"We will never forget that day as long as we live," said State Senator Tom O'Mara at the opening of Ithaca's 9-11 Memorial exhibit. O'Mara and other leading officials spoke at the exhibit's opening Friday, September 9 at 11 a.m. The exhibit, which features artifacts from the World Trade Center, a timeline of events leading to the attack and on the fateful day, will be open throughout the month in the Rothschilds building at 215 the Commons.
"It goes without saying that we remember those who perished," said O'Mara, who went on to thank the first responders of the state and the nation, and then to say that it's important to teach the next generation about the events of September 11, 2001. "My kids are ten, eleven years old and they have no recollection of these events. It is important that they learn."
Ithaca Mayor Carolyn Peterson and State Assemblyperson Barbara Lifton both expressed appreciation to first responders- fire, ambulance, rescue and police personnel- for their heroic response that day and in the ordinary line of duty. "We are also here to acknowledge everyone who does that kind of work in our community," said Peterson.
Lifton mentioned the role the arts play in helping communities grieve and make sense of events. "Artists have not yet helped us much to grapple with this great trauma," she said, pointing out the importance of Jewish writing on the Holocaust or American literature about Vietnam.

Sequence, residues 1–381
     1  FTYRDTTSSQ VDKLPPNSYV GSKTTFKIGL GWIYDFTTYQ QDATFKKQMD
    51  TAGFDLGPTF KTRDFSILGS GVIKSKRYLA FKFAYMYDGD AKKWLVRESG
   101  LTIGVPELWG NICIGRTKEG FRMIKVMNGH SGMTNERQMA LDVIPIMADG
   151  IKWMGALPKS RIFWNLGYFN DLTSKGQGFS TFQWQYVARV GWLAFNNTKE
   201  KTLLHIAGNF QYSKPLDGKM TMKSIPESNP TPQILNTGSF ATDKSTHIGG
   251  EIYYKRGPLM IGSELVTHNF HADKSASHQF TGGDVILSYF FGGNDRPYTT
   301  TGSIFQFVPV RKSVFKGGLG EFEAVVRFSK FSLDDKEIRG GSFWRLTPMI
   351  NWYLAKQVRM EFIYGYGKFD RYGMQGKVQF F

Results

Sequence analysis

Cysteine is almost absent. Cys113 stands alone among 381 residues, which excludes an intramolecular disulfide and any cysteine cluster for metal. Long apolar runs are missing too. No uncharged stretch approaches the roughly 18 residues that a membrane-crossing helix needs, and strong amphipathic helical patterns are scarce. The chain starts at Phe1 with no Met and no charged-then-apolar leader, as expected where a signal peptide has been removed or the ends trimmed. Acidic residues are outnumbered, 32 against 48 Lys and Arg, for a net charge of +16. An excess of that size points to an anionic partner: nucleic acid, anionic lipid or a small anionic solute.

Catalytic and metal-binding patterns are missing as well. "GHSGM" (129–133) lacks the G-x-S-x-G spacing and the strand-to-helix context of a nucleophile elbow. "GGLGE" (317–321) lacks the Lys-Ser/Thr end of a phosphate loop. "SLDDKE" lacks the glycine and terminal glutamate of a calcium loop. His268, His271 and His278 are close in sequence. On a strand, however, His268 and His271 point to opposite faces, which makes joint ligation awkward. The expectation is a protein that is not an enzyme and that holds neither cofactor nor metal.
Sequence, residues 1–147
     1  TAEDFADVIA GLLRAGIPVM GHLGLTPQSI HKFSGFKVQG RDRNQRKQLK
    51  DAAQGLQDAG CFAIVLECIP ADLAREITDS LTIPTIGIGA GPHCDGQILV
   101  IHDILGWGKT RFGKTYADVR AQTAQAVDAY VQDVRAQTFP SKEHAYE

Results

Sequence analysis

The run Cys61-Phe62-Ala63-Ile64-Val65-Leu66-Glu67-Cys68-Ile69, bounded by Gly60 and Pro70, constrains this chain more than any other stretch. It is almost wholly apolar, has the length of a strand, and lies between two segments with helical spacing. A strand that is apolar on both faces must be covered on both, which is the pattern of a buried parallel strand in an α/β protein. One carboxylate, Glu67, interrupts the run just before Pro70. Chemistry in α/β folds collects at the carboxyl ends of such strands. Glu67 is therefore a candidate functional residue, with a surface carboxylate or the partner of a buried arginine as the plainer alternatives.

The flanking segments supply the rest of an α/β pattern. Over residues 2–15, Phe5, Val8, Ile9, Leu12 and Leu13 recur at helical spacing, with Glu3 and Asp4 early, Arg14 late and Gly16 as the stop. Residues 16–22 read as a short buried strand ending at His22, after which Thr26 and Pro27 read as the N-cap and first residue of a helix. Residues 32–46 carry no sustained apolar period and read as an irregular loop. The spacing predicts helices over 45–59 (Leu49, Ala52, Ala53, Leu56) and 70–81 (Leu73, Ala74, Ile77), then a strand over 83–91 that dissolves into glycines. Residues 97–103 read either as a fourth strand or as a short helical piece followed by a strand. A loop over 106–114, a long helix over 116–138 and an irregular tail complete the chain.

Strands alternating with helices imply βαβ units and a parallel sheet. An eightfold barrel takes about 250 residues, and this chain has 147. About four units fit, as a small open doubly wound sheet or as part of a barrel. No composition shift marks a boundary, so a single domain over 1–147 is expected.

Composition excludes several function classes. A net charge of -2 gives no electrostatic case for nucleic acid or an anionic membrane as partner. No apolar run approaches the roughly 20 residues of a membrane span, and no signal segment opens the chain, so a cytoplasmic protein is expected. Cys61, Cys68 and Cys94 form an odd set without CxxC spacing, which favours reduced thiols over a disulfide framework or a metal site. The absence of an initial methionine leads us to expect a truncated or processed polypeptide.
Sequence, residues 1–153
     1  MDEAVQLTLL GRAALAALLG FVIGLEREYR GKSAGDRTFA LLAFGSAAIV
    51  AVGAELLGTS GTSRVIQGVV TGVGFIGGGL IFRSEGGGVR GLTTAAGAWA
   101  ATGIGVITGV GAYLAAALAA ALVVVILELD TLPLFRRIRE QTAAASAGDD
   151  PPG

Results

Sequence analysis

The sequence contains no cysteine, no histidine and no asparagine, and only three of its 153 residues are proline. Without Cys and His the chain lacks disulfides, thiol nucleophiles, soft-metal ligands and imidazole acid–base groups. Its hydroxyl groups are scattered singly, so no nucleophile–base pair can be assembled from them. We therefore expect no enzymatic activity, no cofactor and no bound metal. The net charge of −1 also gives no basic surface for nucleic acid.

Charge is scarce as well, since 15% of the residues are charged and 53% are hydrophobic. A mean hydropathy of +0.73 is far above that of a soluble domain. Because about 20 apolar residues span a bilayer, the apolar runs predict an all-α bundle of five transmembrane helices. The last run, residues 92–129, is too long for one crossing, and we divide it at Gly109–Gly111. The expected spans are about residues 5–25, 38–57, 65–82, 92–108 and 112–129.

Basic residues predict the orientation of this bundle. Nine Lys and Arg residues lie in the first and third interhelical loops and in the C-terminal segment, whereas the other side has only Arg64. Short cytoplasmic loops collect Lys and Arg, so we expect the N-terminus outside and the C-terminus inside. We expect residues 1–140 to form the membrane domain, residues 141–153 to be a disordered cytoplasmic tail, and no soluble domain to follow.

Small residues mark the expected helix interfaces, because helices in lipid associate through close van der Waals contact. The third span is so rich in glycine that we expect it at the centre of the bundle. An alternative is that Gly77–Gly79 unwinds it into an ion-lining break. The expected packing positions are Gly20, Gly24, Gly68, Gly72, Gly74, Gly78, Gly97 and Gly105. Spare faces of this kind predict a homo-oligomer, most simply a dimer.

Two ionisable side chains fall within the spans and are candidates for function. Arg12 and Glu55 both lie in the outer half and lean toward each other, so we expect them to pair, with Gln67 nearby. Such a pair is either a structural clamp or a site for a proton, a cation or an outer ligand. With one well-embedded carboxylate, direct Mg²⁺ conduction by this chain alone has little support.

First responder and paramedic Beth Harrington, who went down to Ground Zero in a Groton ambulance with Lee Shurtleff, also spoke. "A bunch of us went down for EMS," she remembered. Harrington, who has been a volunteer at Slaterville Fire & Ambulance since 1976, is now Tompkins County's Assistant Director of Emergency Management while Shurtleff is the Director.
"Three things, " said Harrington. "When you go into an emergency situation you draw on past experiences to know what to do. You learn from every situation... Ground Zero was nobody's past experience. I can only describe it as surreal... it looked like a movie set."
"I remember the long line of ambulances," Harrington said. "They were full of people whom you knew were beyond help... and I remember people in New York would just stop us and ask if we needed anything, water, anything. They saluted us."
"I remember the wall of Missing posters," she said. In the first hours and days, when nothing was heard from people's loved ones, hundreds of people created posters with their names and photographs and posted them on the board walls of construction sites and the sides of buildings in lower Manhattan.
"I want to thank Beth Harrington for being a representative of all the heroic first responders who rush to help others," said Sam Voight, former Assemblyperson, present as a representative of the Governor's office. "When every instinct said ‘save yourself' they ran in to save the lives of others."
Harrington said that something good had come out of the tragedy in that people are now better prepared for disasters, such as the flooding in the Southern tier. "September is National Preparedness Month," she said. "We want people to honor those who died by being prepared."